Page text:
Marcus Aurelius, Roman Emperor of the third century, was not a Christian, but admired the teachings of Jesus. Seeing two Christians quarreling with one another, he commanded they could no longer bear the name Christian, for he said they dishonored their Master. How reproachful it would be for a pagan to command us never to take the name of Christ upon ourselves again.
Luther was hot-tempered. He at times berated John Calvin, who would nevertheless say, let Luther call me what he will, I acknowledge him to be a precious servant of God, whom God doth use as an instrument of great good. Amen! Thank you, John Calvin. May we all tone down the rhetoric, and cool the emotions.
There have been times when even lost people have said, see how the Christians love one another. In our day, too many are saying, see how the Christians fight one another. Pursue peace, brothers and sisters, peace with God, peace with others, peace at home, peace at work, peace in government, peace at church.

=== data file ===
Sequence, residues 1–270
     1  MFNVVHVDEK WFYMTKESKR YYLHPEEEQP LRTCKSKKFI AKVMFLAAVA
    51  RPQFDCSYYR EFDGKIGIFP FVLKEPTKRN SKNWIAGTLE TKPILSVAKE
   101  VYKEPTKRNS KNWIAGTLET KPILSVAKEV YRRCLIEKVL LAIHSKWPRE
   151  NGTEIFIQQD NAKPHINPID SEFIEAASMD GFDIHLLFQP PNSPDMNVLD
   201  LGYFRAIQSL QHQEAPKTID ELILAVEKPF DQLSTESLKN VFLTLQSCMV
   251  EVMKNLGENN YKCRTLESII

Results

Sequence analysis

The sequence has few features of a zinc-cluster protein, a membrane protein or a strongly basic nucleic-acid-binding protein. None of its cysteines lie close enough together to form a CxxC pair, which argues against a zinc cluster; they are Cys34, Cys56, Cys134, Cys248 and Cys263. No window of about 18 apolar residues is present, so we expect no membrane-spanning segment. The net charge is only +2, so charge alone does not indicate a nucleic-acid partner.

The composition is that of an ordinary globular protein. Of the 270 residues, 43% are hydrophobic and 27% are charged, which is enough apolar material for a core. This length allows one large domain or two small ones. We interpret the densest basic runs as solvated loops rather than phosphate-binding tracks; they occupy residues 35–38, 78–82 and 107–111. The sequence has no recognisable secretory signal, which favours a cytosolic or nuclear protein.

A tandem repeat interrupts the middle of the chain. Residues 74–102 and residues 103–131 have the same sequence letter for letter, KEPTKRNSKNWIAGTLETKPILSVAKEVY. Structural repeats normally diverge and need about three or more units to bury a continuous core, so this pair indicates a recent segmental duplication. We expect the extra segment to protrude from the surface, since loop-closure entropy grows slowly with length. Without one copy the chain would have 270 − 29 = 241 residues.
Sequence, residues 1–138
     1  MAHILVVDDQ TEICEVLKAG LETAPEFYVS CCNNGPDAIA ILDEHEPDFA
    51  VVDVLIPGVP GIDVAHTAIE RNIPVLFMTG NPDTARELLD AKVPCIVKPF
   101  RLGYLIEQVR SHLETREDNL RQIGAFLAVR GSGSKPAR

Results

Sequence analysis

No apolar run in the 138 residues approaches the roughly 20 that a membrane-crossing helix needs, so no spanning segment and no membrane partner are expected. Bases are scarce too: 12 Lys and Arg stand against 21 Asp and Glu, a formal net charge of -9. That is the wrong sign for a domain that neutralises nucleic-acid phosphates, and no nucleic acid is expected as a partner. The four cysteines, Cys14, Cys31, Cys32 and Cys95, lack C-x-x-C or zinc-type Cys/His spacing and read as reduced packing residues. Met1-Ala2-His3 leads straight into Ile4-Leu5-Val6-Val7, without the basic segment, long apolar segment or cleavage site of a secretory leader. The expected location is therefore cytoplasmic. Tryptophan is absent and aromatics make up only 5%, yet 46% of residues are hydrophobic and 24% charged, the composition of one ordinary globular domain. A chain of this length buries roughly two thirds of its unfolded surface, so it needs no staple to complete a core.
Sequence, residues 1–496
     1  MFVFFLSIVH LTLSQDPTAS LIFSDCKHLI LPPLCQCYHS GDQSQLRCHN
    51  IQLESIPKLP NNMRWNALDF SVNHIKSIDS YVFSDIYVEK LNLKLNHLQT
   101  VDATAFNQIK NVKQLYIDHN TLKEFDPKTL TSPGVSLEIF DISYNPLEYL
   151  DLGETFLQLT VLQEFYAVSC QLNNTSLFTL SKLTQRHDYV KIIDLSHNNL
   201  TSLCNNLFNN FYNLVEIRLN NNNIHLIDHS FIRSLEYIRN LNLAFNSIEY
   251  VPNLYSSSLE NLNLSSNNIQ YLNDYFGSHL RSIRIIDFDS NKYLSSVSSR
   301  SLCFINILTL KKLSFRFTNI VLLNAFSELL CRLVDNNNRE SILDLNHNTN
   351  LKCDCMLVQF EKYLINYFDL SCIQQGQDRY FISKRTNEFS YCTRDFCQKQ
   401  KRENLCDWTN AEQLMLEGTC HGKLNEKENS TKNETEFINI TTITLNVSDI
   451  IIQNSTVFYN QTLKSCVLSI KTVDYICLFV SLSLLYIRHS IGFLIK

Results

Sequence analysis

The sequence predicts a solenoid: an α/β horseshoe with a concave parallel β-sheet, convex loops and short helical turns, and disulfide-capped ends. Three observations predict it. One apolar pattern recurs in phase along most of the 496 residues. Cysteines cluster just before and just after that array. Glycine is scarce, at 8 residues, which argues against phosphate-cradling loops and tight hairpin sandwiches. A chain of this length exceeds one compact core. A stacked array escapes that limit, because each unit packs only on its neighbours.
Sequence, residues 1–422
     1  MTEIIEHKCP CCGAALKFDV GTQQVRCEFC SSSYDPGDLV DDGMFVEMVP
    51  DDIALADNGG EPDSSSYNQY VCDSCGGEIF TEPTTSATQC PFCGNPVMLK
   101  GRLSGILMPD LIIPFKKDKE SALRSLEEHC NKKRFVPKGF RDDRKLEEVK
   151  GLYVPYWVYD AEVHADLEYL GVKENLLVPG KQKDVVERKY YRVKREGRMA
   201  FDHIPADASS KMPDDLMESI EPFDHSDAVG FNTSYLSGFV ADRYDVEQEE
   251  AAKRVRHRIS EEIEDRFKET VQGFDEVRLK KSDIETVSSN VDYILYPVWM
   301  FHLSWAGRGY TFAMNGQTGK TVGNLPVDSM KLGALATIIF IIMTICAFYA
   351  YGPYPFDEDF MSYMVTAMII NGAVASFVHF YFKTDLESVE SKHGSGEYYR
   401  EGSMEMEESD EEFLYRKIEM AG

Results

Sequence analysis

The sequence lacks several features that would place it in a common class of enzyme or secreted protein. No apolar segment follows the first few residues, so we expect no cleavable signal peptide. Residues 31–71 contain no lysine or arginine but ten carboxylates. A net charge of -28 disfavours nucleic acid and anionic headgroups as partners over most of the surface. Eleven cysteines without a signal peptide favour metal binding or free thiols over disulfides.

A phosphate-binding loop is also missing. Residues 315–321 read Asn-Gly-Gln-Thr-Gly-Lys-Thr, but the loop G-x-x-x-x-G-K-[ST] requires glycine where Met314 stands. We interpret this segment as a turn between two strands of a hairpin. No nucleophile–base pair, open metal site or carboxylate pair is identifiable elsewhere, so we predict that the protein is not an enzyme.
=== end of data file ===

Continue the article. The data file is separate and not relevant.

Put away malice and bitterness. Say often, “If I have offended you in any way, I truly am sorry. Please forgive me.” Let peace begin with me. If I, your pastor, need to apologize to you, please come speak with me, tell me where I spoke or acted amiss, let me have the honor of making things right and being restored to your heart. Parents, spouses, siblings, workers–we need to say these words to each other often. Some are seated right now next to the person they need to speak to.
King Aris of Sparta once commanded two quarreling soldiers to meet him in a temple. When the two antagonists arrived, Aris ordered the priest, “Lock the door of the temple; these two shall never go forth till they be at one.” The two settled their differences and went away as friends. If two pagans in an idol temple made peace with one another, believers in the house of the living God should do no less. Let us learn to live with one another as Paul urged the saints at Thessalonica, “Be at peace among yourselves” (1 TH 5:13).